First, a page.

It is an object of this invention to provide a process in which stacked vias can be fabricated, exhibiting planar via hole, metal fills.
It is another object of this invention to fill a via hole, in an insulator, with a metal and selectively etch back the metal to insure removal of the metal from all areas except in the via hole.
It is still another object of this invention to selectively remove some insulator material, that the via hole was formed in to allow the surface of the metal fill, in the via hole to be at the same level as the top surface of the insulator material.
It is still yet another object of this invention, to selectively remove an amount of insulator material, that the via hole was formed in, to allow the surface of the metal fill, in the via, to be higher then the top surface of the insulator material.
In accordance with the present invention a process is described for fabricating a stacked via process, using tungsten studs. An insulator layer is deposited on a semiconductor surface, which is comprised of exposed oxide, as well as exposed silicon regions. A via hole is formed in the insulator layer, exposing an underlying silicon region. A tungsten layer is deposited in the open via hole, as well as on the insulator surface, outside the via hole. A selective, anisotropic etch is used to remove all the tungsten from the surface of the insulator layer, followed by an overetch, to insure complete removal of the unwanted tungsten. The metal overetch results in the surface of the tungsten, in the via hole, being below the top surface of the insulator, therefore another selective etch is used, in this case to remove insulator material, to result in the tungsten fill being planar with the top surface of the via hole, or in some cases higher then the top surface of the via hole. An interconnecting metallization is then deposited, resulting in a planar layer on the underlying tungsten via hole fill, then patterned, followed by deposition of another insulator layer. The next via hole is then created, followed by creation of either another tungsten fill process, or another interconnecting metallization. If the tungsten via hole fill is used for this upper level via hole, identical processing, consisting of selective tungsten overetch, followed by selective insulator removal, is employed to result in the desired planarity.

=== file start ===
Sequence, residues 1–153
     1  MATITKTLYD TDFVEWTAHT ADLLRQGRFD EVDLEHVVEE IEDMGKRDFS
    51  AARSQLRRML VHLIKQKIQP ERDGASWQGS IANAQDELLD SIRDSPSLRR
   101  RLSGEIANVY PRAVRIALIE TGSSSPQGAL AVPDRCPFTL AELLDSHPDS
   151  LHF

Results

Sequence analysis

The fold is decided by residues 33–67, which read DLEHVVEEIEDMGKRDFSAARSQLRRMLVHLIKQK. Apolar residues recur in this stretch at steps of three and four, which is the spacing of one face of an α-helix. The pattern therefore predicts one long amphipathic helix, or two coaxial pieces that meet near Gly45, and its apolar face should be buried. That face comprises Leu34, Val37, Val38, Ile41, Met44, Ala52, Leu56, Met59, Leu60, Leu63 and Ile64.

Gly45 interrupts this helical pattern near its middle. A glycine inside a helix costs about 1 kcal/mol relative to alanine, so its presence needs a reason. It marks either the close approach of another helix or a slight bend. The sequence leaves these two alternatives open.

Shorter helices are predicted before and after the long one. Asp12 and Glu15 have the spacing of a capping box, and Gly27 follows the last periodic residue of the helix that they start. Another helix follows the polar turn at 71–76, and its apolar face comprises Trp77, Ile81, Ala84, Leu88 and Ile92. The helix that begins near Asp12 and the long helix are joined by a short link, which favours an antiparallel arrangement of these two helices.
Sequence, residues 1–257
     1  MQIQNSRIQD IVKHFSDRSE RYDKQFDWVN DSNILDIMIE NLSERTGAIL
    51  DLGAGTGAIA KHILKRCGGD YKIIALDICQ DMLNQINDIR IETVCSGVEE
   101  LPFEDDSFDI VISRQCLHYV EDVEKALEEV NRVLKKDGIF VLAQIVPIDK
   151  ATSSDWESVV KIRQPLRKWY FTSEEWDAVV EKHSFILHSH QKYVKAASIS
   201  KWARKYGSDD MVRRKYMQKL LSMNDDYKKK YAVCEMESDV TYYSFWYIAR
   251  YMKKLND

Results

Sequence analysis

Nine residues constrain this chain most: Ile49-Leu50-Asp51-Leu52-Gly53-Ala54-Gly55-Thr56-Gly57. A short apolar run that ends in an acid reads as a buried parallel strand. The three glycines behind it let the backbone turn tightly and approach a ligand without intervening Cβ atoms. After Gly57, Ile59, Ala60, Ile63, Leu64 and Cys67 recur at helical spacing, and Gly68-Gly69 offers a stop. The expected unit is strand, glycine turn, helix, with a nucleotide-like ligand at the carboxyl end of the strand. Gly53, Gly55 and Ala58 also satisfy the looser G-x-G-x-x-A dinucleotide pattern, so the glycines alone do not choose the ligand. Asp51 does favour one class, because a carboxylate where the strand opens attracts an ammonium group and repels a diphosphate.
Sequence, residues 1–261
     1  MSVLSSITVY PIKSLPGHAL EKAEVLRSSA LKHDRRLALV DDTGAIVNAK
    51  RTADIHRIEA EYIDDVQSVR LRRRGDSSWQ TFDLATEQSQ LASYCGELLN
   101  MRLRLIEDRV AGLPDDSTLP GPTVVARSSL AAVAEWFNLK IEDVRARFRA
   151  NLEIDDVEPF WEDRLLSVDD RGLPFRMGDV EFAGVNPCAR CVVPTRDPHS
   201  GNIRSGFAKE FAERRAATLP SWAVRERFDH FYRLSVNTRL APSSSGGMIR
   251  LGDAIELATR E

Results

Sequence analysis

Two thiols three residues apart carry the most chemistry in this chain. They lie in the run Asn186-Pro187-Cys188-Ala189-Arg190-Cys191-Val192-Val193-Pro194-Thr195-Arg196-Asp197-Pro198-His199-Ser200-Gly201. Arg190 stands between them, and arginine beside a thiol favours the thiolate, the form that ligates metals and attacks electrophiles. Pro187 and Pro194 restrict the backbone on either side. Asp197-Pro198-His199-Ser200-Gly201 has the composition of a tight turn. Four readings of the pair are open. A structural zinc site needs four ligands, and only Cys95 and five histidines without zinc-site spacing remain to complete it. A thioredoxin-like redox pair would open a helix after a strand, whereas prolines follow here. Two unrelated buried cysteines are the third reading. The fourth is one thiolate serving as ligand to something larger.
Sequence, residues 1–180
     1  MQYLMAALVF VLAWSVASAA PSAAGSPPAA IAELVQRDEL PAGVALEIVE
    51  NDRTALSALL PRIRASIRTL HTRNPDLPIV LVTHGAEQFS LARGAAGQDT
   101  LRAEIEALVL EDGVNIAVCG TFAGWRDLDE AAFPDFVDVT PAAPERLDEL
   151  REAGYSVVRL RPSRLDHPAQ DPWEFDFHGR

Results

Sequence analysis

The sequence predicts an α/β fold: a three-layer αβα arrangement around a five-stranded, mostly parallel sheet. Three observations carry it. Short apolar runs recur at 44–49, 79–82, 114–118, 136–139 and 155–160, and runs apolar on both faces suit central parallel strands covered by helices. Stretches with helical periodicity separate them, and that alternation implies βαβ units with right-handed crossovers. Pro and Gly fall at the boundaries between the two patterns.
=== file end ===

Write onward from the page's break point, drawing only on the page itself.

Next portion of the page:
The object and other advantages of this invention are best described in the preferred embodiment with reference to the attached drawing that include;
FIGS. 1-3, showing prior art for stacked via structures.
FIG. 4, which schematically, in cross-sectional representation, shows an early stage of fabricating stacked via structures exhibiting planar surfaces.
FIGS. 5a-5c, which schematically illustrate one embodiment of the planar stacked via structure.
FIGS. 6a-6c, which schematically illustrate another optic, n used with the first embodiment of the planar stacked via structure.
FIG. 7, which schematically illustrates a second embodiment of the planar stacked via structure.
The method of forming a planar stacked via structure will now be covered in detail. This structure can be used as part of metal oxide semiconductor field effect transistors, (MOSFET) devices that are currently being manufactured in industry, therefore only the specific areas unique to understanding this invention will be described in detail.
FIG. 1 schematically shows the prior art, used to achieve stacked via structures. A single crystalline silicon, P type substrate 1, having a <100> orientation is used. An oxide layer 2, is grown and patterned, using conventional photolithographic and dry etching techniques, to produce an opening, 3, in oxide layer 2. After photoresist removal and careful wet cleans, an N+ region, 4, is formed in the P type silicon via conventional ion implantation or conventional diffusion processes. A silicon oxide layer 5, is deposited using either atmospheric pressure chemical vapor deposition, (APCVD), or plasma enhanced chemical vapor deposition, (PFCVD), techniques, at a temperature between about 350° to 600° C., to a thickness between about 5000 to 8000 Angstroms. Standard photoresist and RIE processing, using CHF3 and argon, are used to produce a first via hole 6. The process continues with the deposition of a metal, in this case tungsten, 7, via use of LFCVD, at a temperature between about 350° to 500° C. to a thickness between about 5000 to 9000 Angstroms. It is important that the thickness of tungsten be great enough to completely fill first via hole, 6. The choice of tungsten is based on the ability of this metal to withstand high current densities, in the contact hole, without the risk of electromigration failures. In addition the low solubility of tungsten in silicon, makes the risk of penetration failures, commonly seen with aluminum metallizations, remote.